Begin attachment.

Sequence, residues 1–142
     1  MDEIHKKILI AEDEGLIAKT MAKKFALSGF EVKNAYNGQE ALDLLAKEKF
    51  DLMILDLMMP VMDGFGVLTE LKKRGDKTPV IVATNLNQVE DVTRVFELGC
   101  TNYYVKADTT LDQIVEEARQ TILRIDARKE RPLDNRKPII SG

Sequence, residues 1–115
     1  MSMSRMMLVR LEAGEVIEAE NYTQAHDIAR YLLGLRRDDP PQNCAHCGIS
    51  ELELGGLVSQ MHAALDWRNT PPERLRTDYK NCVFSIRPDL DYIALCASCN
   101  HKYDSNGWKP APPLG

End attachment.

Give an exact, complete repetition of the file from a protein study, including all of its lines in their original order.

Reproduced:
Sequence, residues 1–142
     1  MDEIHKKILI AEDEGLIAKT MAKKFALSGF EVKNAYNGQE ALDLLAKEKF
    51  DLMILDLMMP VMDGFGVLTE LKKRGDKTPV IVATNLNQVE DVTRVFELGC
   101  TNYYVKADTT LDQIVEEARQ TILRIDARKE RPLDNRKPII SG

Sequence, residues 1–115
     1  MSMSRMMLVR LEAGEVIEAE NYTQAHDIAR YLLGLRRDDP PQNCAHCGIS
    51  ELELGGLVSQ MHAALDWRNT PPERLRTDYK NCVFSIRPDL DYIALCASCN
   101  HKYDSNGWKP APPLG